10 Steps to better photos of stage productions and graduations

It's difficult to take great pictures of a play or school graduation or similar event. Even simple digital cameras can do a pretty good job if you choose the right settings.

1 -Take your camera off the "simple" setting! (P Mode or green rectangle).

Some cameras, such as the Panasonic LZ7, have a special scene mode for stage performances. Otherwise, choose the action mode.

2 - Turn off the flash. It only throws about 10 feet and theater management usually won’t allow it anyway. If you use a flash, the backs of the heads of theatergoers in front of you will look white.

3 - Set ISO to highest number. ISO refers to sensitivity to light. High numbers = greater sensitivity. There’s more “noise” but you need the higher speeds to get acceptable shutter speeds.

4 - White Balance – set to tungsten (icon of a light bulb) so the image doesn’t look too red/orange. (Ignore this for outdoor, daytime events)

5 - Image stabilization – if your camera has this feature, make sure it's ON. This helps compensate for unsteadiness at slow speeds.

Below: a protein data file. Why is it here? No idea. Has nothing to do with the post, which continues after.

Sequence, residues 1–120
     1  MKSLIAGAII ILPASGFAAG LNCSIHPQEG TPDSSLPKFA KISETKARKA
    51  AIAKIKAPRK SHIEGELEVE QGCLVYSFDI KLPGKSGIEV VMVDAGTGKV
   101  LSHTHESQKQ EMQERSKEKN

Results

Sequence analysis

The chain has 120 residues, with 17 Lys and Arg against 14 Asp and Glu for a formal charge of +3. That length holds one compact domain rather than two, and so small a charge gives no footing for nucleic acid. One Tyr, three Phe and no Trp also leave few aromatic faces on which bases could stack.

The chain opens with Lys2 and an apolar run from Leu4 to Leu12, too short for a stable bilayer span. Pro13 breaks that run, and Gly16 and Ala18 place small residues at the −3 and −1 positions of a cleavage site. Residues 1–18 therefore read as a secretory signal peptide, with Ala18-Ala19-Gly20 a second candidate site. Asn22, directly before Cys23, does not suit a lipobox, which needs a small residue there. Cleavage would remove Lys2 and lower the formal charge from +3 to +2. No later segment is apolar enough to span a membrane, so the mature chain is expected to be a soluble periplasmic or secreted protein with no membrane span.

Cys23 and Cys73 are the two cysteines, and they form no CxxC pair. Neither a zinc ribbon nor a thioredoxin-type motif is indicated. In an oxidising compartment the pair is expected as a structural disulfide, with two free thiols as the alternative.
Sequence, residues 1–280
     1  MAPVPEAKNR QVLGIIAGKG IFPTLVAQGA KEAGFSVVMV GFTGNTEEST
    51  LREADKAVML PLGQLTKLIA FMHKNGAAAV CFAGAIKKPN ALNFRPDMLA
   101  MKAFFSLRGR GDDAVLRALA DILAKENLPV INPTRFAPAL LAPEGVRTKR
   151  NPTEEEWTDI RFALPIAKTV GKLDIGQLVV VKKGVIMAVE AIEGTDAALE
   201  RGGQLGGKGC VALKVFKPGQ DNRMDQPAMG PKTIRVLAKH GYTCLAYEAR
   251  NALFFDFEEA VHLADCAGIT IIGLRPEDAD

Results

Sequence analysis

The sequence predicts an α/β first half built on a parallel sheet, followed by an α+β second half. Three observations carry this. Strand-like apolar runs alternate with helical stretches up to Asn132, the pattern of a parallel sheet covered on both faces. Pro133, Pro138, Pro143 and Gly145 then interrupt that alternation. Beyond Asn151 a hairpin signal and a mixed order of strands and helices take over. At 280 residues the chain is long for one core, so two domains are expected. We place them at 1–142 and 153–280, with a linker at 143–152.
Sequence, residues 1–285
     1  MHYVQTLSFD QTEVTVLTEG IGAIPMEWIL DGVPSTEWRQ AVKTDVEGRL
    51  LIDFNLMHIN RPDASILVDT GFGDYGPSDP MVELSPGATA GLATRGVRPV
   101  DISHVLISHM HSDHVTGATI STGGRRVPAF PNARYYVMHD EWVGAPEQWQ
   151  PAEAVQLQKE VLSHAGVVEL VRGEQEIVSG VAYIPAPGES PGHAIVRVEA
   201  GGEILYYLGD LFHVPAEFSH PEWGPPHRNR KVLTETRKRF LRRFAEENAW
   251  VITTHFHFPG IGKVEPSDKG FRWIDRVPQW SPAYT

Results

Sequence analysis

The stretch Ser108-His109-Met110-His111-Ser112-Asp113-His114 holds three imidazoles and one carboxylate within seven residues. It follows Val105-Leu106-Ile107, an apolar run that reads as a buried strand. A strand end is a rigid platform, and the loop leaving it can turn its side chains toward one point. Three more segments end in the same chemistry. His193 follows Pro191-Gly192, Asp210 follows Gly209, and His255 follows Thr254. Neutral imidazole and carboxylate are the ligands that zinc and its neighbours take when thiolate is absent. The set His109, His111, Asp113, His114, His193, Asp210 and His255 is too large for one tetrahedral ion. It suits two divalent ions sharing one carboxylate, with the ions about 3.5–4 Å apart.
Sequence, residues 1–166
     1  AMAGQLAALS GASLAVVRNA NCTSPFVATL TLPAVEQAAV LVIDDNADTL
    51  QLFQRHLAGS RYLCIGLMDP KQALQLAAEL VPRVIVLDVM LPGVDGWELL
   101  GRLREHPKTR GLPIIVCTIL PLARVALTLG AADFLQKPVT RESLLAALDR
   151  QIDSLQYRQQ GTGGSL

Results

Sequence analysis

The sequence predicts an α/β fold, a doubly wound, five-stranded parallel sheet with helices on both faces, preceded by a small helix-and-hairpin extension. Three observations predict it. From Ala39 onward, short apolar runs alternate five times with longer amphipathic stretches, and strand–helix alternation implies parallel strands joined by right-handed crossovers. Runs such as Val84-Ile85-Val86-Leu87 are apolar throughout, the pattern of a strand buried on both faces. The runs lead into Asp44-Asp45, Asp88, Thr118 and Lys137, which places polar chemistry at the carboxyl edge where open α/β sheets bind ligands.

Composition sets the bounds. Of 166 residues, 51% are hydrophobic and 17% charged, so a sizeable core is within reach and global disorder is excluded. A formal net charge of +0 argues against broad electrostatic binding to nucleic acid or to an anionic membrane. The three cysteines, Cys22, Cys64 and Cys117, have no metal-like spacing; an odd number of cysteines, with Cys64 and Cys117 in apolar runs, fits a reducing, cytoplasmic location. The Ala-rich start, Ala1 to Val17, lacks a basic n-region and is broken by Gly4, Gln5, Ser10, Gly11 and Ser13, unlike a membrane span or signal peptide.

6 - Tripod or monopod – highly recommended. Even if you're seated, you can usually extend one leg part way to touch the floor.

7 - Use the two-stage shutter release technique.

  1. Depress the shutter (gently) half-way until the focus is set and the imaging sensor is charged and ready to shoot.
  2. Squeeze off the last fraction of an inch to actually take the picture.

8 - Tweaking the controls: The stage is usually brightly lit but the background is dark. Your camera sees this and averages out the two extremes, setting the exposure somewhere in the middle. That means your subject is too bright – the highlights are “washed out.” Most cameras have a +/- control. Figure out how to use it and experiment with setting it to the minus setting until your subjects look right and the background is pretty dark.

9 - Get close! Your zoom lens will help but it also magnifies the shake of your hands.

10 -Shoot at times of least action, and pan the camera along with the action.